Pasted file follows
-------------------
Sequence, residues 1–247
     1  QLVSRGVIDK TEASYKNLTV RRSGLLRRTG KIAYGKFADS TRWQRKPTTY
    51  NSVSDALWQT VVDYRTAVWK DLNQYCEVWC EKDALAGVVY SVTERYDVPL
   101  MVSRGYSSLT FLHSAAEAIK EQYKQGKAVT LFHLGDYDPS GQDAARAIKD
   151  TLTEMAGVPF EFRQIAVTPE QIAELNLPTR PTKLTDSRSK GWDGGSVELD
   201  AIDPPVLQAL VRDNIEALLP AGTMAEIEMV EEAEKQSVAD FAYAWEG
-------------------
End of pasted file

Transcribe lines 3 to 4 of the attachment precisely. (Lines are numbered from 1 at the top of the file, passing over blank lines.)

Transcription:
    51  NSVSDALWQT VVDYRTAVWK DLNQYCEVWC EKDALAGVVY SVTERYDVPL
   101  MVSRGYSSLT FLHSAAEAIK EQYKQGKAVT LFHLGDYDPS GQDAARAIKD